Ariel. H.J. Townsend, Painter. C. W. Sharp, Engraver. Exhibited at the 1845 Royal Academy accompanied by lines from Byron's Childe Harold (see below). 26 1/4 by 15 3/4 inches. Source: 1855 Art-Journal.
Commentary from The Art-Journal
Ariel, the most imaginative of all the fanciful creations of Shakspeare, seems to be a character almost beyond the criticisms of commentators on the writings of our greatest dramatist; a supernatural agent which baffles all logical and metaphysical inquiry, and is not to be measured by any standard of things on earth, or of spirits of the air. He comes before us in the play without note, warning, or introduction of any kind, fulfils his mission, gains his freedom, and departs without bidding us farewell. Few who have undertaken to discuss the characters of Shakspeare's plays historically, have thrown much light on Ariel. Mr. C. Knight, in his edition of the Works of the poet, introduces the following remarks from the writings of a German critic, Franz Horn, whose national sympathies may be presumed to have some fellowship with such mystic beings. "Opposed to Caliban," he says, "stands Ariel, by no means an etherial, featureless angel, but a real, airy, and frolicsome spirit, agreeable and open, but aiso capricious, roguish, and with his other qualities somewhat mischievous. He is thankful to Prospero for freeing him from the most confined of all confined situations, but his gratitude is yet a natural virtue (we might also add not an airy virtue); therefore he must (like man) be sometimes reminded of his debt, and held in check. Only the promise of bis freedom in two days restores him again to his amiability, and he then finds pleasure in executing the plans of his master with delightful activity."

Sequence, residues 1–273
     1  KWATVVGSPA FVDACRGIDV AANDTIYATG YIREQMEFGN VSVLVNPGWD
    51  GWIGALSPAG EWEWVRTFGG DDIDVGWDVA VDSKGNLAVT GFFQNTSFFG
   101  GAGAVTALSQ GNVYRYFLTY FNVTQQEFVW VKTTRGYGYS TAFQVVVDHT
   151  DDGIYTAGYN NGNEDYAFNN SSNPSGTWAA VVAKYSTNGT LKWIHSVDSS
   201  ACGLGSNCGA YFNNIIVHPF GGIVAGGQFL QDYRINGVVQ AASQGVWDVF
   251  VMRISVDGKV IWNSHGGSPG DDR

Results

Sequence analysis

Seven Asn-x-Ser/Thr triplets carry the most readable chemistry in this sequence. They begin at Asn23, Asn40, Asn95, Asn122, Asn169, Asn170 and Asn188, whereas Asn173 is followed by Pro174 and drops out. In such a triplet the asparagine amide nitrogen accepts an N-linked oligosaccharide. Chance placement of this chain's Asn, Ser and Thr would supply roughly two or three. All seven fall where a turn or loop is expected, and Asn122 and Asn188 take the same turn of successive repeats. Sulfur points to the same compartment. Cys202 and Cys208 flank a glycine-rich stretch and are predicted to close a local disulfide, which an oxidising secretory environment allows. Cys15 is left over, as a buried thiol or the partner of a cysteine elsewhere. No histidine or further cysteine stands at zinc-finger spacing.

Mr. Halliwell, in his valuable folio edition of Shakspeare, now in course of publication, has well observed that the character of Ariel is to a great extent the dramatist's own invention, and that his prototype was of a far less refined nature. He elsewhere adds, "The name of Ariel is presumed to be derived from the Hebrews, in which it is the appellation of one of the seven princes of angels or spirits who preside over waters under Michael; but Shakspeare, unless he "adopted the name from an older romance, might have readily and naturally formed it from the adjective arid." "Aerial spirits or devils," observes Burton, in his "Anatomy of Melancholy," "are such as keep guard most in the aire, cause many tempests, thunder and lightnings," &c.
There are doubtless many persons who regard Ariel as a female spirit, adopting the idea from the character being always represented on the stage by a female. This is done, however, because so spiritual a part better becomes one of the gentler sex, and for a more urgent reason, because the music to which the exquisitely beautiful songs in the play are set, is not suited to the male voice. It is a portion of one of these songs—" Where the bee sucks," &c, that gave to Mr. Townsend the subject of his picture. The passage he has sought to illustrate is:—
"Merrily, merrily, shall I live now,
Under the blossom that hangs on the bough."
But a line from another, and a modern poet, was appended to the title of the picture, in the catalogue of the Royal Academy, where it was exhibited in 1845, the commencing line of the stanza in Byron's "Childe Harold," where he so beautifully describes the effects of sunset on the mountains of Friuli. The painter has thus invoked the aid of two great poets in his composition: his "Ariel" is an exceedingly graceful impersonation, swinging listlessly ou the twined stalks—ono ought scarcely to call them branches of the honeysuckle and the convolvulus, realising thus the verse of Shakspeare. Byron's line is indicated by the full moon, and by the crimson edges of the clouds reflected from the setting sun. We may remark, however, that this is a very supernatural phenomenon, as the red clouds would be opposite the moon, and not beneath her, by all the laws of astronomical science. The picture is in the collection at Osborne.
“The Royal Pictures: Ariel.” Art-Journal (1855): 192-93. Hathi Trust version of a copy in the University of Michigan Library. Web. 23 March 2014
Last modified 23 March 2014